Fears rise over headlong hunt for yield

Valuations in some high-yield bond markets look stretched, prompting panelists at an AsianInvestor forum to urge investors to review quality of bond issues as spreads head towards 2006-07 levels.
Fears rise over headlong hunt for yield

Institutional investors are being urged to review the quality of bond issues across the credit spectrum amid fears that the search for yield in this low-rate environment is leading to indiscriminate buying.

Valuations have become stretched in certain high-yield bond markets, with spreads having tightened by 50 basis points since last year to 360bp, although they are still some way off 2006-07 levels of 250-300bp, argued panelists at a recent forum.

“If asked how I would be managing my high-yield at the moment, it would likely be in an active way. I would be using qualitative techniques to analyse the issuers,” says Kevin Anderson, head of investments for Asia Pacific at State Street Global Advisors.

He was speaking on a panel on asset management strategies at the fifth annual Borrowers and Investors Forum hosted by Haymarket Media, parent of AsianInvestor.

“We are seeing a number of 'covenant-lite' loans emerging, which are less friendly to bond holders, and I would not be indiscriminately buying them," adds Anderson. "I would be analysing if they were worth the yield. There is still value in high yield, but be aware of what you are buying.”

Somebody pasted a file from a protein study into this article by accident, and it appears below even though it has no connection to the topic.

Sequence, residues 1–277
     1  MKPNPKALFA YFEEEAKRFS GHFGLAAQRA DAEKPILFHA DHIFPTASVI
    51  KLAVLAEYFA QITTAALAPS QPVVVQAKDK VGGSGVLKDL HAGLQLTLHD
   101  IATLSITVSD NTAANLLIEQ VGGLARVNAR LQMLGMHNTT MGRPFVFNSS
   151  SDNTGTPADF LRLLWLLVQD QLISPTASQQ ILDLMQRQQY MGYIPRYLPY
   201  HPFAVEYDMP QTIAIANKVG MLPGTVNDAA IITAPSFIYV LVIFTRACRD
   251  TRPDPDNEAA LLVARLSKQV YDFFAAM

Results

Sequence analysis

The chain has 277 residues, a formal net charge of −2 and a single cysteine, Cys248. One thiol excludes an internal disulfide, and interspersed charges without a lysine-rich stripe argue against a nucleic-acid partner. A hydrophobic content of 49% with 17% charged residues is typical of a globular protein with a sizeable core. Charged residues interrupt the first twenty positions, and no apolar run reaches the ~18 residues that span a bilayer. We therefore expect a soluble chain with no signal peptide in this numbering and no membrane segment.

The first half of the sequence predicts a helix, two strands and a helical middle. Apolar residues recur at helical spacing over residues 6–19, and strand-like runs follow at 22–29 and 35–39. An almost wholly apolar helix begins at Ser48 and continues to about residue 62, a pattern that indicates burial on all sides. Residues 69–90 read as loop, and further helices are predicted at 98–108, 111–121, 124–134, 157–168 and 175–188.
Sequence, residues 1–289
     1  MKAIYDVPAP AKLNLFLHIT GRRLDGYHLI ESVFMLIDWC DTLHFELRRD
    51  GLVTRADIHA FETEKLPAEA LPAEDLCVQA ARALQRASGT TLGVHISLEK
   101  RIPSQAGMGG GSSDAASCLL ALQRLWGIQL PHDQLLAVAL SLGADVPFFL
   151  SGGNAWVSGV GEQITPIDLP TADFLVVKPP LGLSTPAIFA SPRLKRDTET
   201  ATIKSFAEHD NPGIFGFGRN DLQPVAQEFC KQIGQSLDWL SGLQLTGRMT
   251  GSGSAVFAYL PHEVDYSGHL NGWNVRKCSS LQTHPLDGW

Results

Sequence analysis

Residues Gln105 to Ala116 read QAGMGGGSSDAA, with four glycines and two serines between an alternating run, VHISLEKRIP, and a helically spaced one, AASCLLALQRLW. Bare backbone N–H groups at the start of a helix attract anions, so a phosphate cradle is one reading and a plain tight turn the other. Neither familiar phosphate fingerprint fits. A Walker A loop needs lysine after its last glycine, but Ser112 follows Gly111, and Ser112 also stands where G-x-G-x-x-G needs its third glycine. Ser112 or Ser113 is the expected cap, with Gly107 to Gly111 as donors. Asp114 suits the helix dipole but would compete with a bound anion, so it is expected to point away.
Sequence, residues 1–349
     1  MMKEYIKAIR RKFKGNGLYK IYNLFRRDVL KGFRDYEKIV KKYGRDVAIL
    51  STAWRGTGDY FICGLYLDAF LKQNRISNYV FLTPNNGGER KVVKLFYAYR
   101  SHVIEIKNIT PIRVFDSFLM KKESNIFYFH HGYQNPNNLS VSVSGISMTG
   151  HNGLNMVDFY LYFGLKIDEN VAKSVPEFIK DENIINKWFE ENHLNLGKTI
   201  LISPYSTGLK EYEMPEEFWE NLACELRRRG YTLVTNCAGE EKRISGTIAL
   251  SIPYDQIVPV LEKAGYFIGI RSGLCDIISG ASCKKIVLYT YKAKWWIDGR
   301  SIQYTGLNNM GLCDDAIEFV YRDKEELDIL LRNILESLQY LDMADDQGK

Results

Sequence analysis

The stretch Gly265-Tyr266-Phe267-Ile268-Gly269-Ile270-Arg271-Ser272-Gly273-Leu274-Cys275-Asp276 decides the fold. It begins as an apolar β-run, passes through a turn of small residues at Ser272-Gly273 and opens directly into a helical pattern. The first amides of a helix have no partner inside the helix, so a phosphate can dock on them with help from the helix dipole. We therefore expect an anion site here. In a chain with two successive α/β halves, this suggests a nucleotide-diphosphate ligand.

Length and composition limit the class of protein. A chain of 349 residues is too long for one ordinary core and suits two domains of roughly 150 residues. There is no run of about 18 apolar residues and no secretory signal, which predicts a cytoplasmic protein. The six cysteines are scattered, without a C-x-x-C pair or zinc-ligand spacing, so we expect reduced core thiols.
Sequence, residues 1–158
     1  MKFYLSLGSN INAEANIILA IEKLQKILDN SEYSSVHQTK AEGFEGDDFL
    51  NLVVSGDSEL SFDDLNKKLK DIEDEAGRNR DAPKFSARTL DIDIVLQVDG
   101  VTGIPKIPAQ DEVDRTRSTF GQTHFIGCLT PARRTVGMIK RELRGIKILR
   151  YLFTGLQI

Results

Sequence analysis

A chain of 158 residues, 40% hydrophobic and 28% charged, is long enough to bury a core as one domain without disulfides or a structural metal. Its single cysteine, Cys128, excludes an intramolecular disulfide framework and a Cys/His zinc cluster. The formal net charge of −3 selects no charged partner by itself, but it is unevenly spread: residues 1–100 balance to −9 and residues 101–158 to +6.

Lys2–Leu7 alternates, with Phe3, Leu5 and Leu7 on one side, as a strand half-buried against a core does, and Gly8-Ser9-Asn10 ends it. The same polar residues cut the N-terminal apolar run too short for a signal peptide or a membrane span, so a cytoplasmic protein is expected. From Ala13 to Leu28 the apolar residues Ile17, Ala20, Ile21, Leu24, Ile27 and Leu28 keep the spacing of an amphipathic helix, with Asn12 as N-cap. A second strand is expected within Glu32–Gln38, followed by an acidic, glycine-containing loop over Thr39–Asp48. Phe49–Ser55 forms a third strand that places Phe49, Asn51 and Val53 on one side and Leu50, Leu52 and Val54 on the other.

Asked if there was a risk of the market heading back to 2006-07 levels, he did not dismiss the notion, but argued there is not the same degree of leverage in the market as before. He added it had become more important for liability-driven investors to scour for value in safe-haven assets.

Jackson Loi, head of institutional sales for Hong Kong and Taiwan at Vanguard Investments, said the absolute level of yield had been far higher in 2007. “In terms of how we manage high-yield performance now, we would seek an actively managed strategy and would position that to focus on the higher-quality spectrum, mainly BB and single B, which are relatively more attractive than CCC.”

Anderson acknowledged the risk that the market was in danger of getting ahead of itself, having priced in a rise in 10-year US Treasury yields to 325bp by the year’s end, from 270bp now. “If we see continued focus on strong US consumer numbers, the market could get ahead of itself. That is a bigger risk than bond yields falling, certainly,” he said.

Geoff Lunt, investment director at HSBC Global Asset Management, noted that institutional investors were being squeezed from both ends: not only finding it difficult to find the yield they require, but also faced with an indiscriminate search for yield in an environment where liquidity may become less abundant.

He referred to “the tyranny of benchmarking”, particularly in fixed income, noting that investors had become aware that cap-weighted indices were inappropriate and had moved towards a dynamic total return approach.

Asked how Asian insurers were dealing with the challenge of matching assets to liabilities, given that duration in local bond markets is not really there to allow them to hedge, Lunt replied: “It’s simple, they run a mismatch.”

Loi noted that Taiwanese insurers were among those liability-driven investors looking to increase their overseas fixed income exposure to target deeper market liquidity at longer durations, accepting the need to manage exchange-rate risk.